product description page
Society in Contemporary Laos : Capitalism, Habitus and Belief (Hardcover) (Boike Rehbein)
about this item
Over the past decade, Laos’ exposure to global capitalism had contrastive effects. It has experienced extensive economic transformations, which result in larger inequalities and different levels of economic success, thus creating a unique field of constellations.
This book analyses the structure of contemporary Lao society. It pursues the theoretical aim of shedding light on the old question raised by Max Weber about the relation between capitalism, (religious) ethos and society. The empirical aim consists in a description of the social structures, their embodiment in the habitus and world-views in Laos against the background of a critical revision of Pierre Bourdieu’s sociology. To achieve these aims, the author develops a qualitative methodology as neither Weber nor Bourdieu explained how to empirically study habitus and ethos. The empirical material for the book was gathered over a period of more than five years and comprises several hundred life-course interviews in all sections of Lao society as well as a representative quantitative survey. The main argument of the study adds complexity and empirical depth to Weber’s and Bourdieu’s approaches. It is based on the observation that classes and life-style milieus have been emerging in Laos but older social structures persist. This is reflected on the level of habitus, which are anchored in different social formations (or historical times) and in most cases embody these differences. The internal multiplicities lead to a large variety of reactions to capitalism and transformations of older beliefs. While social structure, habitus and beliefs are subject to a capitalist transformation and unification, the newly emerging classes and milieus are not copies of Western forms but retain their local history.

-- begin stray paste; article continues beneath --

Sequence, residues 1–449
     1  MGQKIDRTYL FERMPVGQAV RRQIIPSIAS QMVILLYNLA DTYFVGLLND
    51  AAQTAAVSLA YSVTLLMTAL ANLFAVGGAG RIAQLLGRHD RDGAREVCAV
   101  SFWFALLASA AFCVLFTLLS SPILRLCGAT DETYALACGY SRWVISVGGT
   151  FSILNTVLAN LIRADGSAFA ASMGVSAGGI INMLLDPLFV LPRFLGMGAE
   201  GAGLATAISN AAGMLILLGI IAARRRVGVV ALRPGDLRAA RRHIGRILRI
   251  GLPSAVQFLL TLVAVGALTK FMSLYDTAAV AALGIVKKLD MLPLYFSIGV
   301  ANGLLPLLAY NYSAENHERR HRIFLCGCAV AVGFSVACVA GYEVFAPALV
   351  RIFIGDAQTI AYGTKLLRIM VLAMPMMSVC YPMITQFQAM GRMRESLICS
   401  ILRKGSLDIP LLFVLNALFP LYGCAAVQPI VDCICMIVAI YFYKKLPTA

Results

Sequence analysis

Filling a gap in the literature on Laos and offering new perspectives on core concepts such as habitus, class, lifestyle, work ethic and its religious underpinnings, this book will be of interest to academics in the fields of Sociology, Religious Studies, and Southeast Asian Studies.